Asked by BenGeography 🗺

Why doesn't prevailing wind break apart bars, spits, and tombolos while they form? Shouldn't the same waves that deposit the material break them apart?

Profile picture

Felicia Jones

I am an experienced tutor, having taught over 25 students, ranging from ages 11-18 in a number of subjects.

At the point when water loses its vitality, any dregs it is conveying is kept. The development of stored silt can frame distinctive highlights along the drift. Shorelines Shorelines are made up from a disintegrated material that has been transported from somewhere else and after that saved by the ocean. For this to happen, waves more likely than not constrained vitality, so shorelines frequently shape in shielded zones like sounds. Valuable waves develop shorelines as they have a solid swash and a feeble discharge. Sandy shorelines are normally found in straights where the water is shallow and the waves have less vitality. Stone shorelines regularly frame where precipices are being disintegrated, and where there are higher vitality waves. A cross-profile of a shoreline is known as the shoreline profile. The shoreline profile has heaps of edges called berms. They demonstrate the lines of the high tide and the tempest tides. A sandy shoreline regularly has a delicate slanting profile, though a shingle shoreline can be significantly more extreme. The measure of the material is bigger at the highest point of the shoreline, because of the high-vitality storm waves conveying extensive silt. The littlest material is found closest the water as the waves separate here and break the stone through whittling down. Spits A spit is an expanded stretch of sand or shingle sticking out into the ocean from the land. Spits happen when there is an adjustment in the state of the scene or there is a waterway mouth. This is the way spits are framed: 1. Sediment is conveyed by a longshore float. 2. When there is an adjustment in the state of the coastline, affidavit happens. A long thin edge of the material is stored. This is the spit. 3. A snared end can shape if there is an adjustment in wind bearing. 4. Waves can't move beyond a spit, accordingly the water behind a spit is extremely shielded. Residues are stored here to shape salt swamps or mud pads. Now and then a spit can develop over a straight, and consolidates two headlands. This landform is known as a bar. They can trap shallow lakes behind the bar, these are known as tidal ponds. Tidal ponds don't keep going forever and might be topped off with silt.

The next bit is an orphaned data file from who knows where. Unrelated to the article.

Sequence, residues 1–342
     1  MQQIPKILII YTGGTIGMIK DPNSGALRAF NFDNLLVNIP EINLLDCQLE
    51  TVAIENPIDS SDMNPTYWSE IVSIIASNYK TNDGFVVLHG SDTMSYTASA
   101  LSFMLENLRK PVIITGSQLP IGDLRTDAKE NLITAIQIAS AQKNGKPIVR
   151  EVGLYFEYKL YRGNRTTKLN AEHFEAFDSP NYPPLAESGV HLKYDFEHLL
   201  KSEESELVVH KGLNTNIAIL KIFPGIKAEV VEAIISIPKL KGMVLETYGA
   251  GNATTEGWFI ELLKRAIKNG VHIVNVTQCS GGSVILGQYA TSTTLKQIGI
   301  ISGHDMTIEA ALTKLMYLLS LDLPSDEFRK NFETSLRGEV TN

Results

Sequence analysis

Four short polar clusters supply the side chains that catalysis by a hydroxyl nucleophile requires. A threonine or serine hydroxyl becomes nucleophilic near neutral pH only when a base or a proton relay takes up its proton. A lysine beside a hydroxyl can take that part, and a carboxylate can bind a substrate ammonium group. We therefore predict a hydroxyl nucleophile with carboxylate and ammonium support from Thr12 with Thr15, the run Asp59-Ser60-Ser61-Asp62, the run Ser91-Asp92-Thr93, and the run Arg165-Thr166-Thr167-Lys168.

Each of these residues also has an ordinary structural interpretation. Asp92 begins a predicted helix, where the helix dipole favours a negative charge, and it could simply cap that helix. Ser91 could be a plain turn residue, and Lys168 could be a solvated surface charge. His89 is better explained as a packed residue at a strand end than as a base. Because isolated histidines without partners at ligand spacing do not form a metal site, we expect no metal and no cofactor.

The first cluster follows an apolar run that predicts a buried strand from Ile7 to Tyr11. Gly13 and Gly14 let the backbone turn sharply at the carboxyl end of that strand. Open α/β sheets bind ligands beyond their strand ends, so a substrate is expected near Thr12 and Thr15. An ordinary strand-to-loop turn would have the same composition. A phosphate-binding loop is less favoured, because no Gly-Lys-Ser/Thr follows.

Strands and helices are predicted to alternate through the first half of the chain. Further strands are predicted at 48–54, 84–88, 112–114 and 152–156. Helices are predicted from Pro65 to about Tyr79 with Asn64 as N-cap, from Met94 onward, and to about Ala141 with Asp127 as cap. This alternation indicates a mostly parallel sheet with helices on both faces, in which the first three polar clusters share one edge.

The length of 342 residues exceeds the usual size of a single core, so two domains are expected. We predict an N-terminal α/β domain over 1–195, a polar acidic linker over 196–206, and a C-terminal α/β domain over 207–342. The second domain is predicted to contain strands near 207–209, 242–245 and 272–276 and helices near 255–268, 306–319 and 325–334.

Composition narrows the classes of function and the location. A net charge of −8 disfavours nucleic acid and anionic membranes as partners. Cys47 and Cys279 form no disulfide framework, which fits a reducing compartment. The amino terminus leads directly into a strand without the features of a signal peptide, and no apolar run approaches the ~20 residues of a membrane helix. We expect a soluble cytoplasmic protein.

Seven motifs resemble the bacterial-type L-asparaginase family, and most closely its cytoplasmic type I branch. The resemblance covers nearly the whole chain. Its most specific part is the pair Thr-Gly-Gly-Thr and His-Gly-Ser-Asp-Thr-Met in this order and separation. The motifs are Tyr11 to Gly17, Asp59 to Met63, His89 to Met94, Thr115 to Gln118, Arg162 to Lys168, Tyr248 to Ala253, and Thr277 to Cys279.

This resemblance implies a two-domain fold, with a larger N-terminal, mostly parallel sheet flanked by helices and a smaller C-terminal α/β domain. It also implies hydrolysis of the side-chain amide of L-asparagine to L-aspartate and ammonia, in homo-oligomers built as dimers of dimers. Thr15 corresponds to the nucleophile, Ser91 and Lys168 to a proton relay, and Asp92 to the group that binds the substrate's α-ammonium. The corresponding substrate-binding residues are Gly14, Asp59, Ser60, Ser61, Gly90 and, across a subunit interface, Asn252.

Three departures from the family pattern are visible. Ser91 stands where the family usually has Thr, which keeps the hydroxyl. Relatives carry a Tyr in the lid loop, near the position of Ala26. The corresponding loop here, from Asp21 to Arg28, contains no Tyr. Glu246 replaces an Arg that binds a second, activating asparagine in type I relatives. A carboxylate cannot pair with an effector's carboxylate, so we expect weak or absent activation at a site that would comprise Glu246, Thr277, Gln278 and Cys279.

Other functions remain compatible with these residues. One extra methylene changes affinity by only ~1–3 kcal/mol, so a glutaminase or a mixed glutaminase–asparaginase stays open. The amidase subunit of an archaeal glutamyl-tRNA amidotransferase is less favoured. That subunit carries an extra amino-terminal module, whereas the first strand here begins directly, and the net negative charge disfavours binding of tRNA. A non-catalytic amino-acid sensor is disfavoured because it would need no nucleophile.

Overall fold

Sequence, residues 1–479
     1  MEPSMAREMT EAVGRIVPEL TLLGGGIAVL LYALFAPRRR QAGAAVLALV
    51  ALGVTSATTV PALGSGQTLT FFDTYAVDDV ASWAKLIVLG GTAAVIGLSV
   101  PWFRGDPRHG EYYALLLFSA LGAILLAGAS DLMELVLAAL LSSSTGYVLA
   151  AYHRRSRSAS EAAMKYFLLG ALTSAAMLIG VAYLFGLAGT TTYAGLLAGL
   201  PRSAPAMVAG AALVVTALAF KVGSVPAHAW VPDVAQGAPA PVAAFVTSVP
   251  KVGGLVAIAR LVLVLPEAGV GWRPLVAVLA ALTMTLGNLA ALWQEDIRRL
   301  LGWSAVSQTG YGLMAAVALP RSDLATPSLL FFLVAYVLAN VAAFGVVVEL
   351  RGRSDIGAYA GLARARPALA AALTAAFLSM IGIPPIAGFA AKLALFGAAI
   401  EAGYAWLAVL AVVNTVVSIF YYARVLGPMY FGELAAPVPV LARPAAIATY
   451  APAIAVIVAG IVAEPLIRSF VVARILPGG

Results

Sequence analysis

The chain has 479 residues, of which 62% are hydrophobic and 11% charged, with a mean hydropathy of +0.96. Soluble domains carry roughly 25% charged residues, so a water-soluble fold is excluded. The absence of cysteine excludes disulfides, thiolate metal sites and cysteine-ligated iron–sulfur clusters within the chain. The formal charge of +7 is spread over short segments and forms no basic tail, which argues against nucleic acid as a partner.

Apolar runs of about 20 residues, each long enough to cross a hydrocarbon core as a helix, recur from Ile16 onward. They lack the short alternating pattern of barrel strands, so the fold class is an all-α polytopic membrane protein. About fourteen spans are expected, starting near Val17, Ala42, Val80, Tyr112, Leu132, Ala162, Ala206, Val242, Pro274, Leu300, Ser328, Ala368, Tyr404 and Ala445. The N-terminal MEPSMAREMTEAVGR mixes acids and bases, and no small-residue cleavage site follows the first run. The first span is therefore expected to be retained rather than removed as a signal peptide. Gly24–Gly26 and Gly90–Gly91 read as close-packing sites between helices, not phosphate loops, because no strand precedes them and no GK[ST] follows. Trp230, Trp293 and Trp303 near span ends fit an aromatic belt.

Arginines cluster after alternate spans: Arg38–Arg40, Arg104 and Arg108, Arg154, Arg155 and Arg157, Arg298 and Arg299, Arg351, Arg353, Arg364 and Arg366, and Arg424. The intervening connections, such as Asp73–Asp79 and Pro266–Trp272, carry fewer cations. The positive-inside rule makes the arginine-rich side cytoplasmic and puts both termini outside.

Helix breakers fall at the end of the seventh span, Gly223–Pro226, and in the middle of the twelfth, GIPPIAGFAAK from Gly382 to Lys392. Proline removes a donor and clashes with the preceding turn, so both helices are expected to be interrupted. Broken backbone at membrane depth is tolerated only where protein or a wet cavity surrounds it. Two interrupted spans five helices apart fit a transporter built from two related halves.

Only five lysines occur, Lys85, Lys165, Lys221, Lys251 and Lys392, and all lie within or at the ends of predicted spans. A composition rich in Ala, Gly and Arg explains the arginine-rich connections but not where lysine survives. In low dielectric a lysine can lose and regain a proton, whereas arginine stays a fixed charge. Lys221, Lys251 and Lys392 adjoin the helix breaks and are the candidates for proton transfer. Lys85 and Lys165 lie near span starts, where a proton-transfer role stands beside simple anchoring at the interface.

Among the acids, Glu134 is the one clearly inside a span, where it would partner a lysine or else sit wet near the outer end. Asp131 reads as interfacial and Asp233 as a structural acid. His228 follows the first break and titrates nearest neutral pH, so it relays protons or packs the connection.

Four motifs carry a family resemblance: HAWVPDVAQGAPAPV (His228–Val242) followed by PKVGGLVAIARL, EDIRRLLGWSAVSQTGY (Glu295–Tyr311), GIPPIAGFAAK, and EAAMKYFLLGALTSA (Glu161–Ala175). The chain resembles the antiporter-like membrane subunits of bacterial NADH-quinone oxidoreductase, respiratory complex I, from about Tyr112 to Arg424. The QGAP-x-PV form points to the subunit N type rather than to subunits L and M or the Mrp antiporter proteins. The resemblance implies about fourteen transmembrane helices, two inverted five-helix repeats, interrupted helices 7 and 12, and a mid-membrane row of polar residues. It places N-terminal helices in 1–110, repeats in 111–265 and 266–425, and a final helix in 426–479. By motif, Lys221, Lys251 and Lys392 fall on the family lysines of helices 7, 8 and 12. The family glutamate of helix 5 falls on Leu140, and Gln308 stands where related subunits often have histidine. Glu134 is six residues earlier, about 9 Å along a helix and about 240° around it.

Felicia also answered

Find me a tutor

We take your privacy seriously. View our policy.